Locals have told Scotland on Sunday of “big holes in huge sections” and “suspension-destroying” potholes on the 519-mile tourist trail.
Travel curbs across mainland Scotland are due to be scrapped on April 26, but residents said visitors would be shocked at the condition of the NC500 route, while was branded in 2015.
Fraser Mackenzie, a Highlands-based renewable energy project manager, said: “I’ve just driven a big chunk of what is now the NC500 - complete with numerous brand new NC500 signs - on work trips.
“It’s clearly a big marketing push, which would be great if parts of the route weren’t in such terrible condition.
"They are much worse than last year because of the weather and the cumulative effects of decades of lack of investment.”
Mr Mackenzie said the worst sections included between Bettyhill and Melvich in Sutherland, and a “suspension-destroying pothole” near Lochcarron in Wester Ross.
He said: "The surface has gone from huge sections, with an uncountable number of potholes and mere metres of newish tarmac.
"If I was driving my Ferrari around, I’d be mighty pissed off that I’d been mis-sold what is in some sections approaching a cart track.
Pete Malone, who runs Bettyhill General Merchants with his wife Susan, said: “The state of the road has got worse between here and Tongue.
"There are great big holes in huge sections.
"The council hasn’t been doing the normal maintenance, although crews have been out patching.”
Iain Gregory, of campaign group Caithness Roads Recovery, said “substantial areas” of the A99 section between Wick and John O’Groats, and the A836 west from John O’Groats, were “very bad”.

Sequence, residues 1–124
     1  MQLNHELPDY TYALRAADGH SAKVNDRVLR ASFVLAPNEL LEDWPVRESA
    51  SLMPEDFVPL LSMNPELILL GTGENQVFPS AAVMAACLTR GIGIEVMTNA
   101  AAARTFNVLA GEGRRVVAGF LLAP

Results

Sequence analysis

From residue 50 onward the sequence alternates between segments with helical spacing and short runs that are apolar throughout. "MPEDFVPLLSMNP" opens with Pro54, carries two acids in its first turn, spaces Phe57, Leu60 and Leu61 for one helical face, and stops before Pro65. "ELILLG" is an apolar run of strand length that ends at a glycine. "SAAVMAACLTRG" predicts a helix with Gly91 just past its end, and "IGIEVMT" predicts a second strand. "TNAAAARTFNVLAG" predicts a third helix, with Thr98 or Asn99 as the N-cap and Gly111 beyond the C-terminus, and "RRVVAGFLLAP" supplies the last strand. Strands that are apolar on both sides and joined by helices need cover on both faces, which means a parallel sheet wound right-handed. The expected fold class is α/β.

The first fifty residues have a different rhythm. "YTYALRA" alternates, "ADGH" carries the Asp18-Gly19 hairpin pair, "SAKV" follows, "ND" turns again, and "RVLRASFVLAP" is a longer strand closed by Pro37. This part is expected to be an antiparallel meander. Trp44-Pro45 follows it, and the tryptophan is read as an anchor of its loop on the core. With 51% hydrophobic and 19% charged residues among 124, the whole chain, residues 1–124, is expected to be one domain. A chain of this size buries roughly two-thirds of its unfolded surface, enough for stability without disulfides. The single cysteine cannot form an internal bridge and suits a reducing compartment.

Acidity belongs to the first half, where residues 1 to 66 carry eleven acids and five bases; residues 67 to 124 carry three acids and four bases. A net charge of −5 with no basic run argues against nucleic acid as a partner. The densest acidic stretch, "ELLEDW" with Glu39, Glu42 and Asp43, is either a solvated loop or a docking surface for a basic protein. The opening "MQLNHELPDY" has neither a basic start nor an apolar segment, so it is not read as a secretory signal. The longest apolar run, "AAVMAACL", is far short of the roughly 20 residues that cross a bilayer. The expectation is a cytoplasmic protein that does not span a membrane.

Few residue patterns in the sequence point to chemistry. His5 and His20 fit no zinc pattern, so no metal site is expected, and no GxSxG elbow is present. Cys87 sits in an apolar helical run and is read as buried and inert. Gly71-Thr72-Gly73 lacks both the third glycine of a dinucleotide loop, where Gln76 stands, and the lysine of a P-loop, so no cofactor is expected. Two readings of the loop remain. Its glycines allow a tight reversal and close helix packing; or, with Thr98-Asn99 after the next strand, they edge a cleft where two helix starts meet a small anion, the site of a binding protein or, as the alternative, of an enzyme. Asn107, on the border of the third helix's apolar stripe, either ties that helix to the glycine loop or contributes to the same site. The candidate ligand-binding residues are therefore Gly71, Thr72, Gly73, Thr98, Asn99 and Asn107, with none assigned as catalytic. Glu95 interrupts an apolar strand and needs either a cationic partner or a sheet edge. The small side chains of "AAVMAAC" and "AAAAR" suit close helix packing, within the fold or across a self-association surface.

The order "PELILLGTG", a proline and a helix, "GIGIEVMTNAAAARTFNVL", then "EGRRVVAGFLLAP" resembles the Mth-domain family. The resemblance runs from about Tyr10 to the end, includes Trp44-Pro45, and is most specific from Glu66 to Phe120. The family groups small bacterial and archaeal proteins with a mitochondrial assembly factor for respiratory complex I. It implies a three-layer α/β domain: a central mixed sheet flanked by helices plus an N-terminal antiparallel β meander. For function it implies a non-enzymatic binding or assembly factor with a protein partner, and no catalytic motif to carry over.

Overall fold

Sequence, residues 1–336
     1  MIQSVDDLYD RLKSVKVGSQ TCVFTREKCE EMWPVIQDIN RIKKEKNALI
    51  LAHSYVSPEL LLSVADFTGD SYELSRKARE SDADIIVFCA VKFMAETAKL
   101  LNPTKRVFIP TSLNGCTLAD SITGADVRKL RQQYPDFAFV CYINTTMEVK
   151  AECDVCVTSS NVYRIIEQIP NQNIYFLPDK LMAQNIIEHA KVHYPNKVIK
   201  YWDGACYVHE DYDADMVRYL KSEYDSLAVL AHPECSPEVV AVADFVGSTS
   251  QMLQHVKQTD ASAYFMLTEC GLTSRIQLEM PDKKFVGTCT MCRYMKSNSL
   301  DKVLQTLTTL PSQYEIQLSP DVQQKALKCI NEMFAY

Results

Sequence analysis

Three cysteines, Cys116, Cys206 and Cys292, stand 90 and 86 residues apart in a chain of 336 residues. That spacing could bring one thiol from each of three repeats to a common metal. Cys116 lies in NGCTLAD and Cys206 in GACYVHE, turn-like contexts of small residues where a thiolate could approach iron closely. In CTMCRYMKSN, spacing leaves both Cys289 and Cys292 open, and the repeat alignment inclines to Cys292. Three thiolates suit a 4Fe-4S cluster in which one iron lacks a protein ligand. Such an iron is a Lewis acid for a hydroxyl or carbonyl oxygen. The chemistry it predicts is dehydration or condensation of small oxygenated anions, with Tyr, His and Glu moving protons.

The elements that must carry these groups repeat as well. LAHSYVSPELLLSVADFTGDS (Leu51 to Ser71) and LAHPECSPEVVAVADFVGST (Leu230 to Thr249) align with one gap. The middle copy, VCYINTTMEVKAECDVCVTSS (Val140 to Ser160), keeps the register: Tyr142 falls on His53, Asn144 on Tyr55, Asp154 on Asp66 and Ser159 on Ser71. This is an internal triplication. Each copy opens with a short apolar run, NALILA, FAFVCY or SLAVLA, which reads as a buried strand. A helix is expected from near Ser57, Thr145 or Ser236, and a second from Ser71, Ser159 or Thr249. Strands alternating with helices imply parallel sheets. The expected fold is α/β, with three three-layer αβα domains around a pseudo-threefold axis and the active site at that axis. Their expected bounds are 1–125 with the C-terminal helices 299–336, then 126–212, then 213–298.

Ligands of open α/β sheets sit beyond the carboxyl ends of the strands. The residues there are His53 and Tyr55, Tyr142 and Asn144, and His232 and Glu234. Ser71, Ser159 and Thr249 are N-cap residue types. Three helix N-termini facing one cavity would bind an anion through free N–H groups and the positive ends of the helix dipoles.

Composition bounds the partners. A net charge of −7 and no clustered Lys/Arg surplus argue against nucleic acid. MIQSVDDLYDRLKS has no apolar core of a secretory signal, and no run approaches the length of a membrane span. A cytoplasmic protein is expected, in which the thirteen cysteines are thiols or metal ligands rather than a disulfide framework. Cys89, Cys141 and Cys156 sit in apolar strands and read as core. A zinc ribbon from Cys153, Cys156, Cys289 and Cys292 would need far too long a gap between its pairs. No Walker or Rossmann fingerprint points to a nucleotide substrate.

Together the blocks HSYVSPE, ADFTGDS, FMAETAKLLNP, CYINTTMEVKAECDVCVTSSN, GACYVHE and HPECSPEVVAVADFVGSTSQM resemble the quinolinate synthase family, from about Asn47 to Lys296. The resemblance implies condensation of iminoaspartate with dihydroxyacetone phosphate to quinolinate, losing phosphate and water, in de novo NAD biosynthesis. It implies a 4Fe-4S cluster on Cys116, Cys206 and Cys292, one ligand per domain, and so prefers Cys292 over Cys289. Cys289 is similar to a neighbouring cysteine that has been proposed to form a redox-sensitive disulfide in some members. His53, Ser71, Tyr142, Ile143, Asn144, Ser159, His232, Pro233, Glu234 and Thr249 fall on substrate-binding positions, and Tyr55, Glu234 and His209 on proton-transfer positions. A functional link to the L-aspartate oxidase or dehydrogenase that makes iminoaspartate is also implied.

The former police area commander said: "The situation in Caithness is now so bad it is only a matter of time before a tragedy occurs as a direct result of the dangerous condition of many of our roads."
Trunk road sections of the NC500, maintained by BEAR Scotland for Transport Scotland, are believed to be better condition – the A99 and A9 between Wick and Dingwall, and the A835 between Ullapool and Braemore.
A spokesperson for NC500 Limited, which markets the route, said: “The state of our roads is a Scotland-wide issue for national/local government to address, and not just limited to the NC500.
“I don’t expect VisitScotland to be halting the promotion of Scotland as a tourist destination this summer just because some of our roads are not up to scratch.”
Highland Council, which is responsible for maintaining the non-trunk road sections that comprise most of the route, admitted the winter impact but said it would be spending an extra £20 million on road maintenance from next month.
A spokesperson said: “The recent severe weather between January and March has caused considerable damage to Highland roads.
"We have a process in place regarding potholes and defects, and all incidents that are reported are followed up.
"Our focus has been urgent road defects.
"Where resources and restrictions have permitted, we have undertaken routine maintenance works.”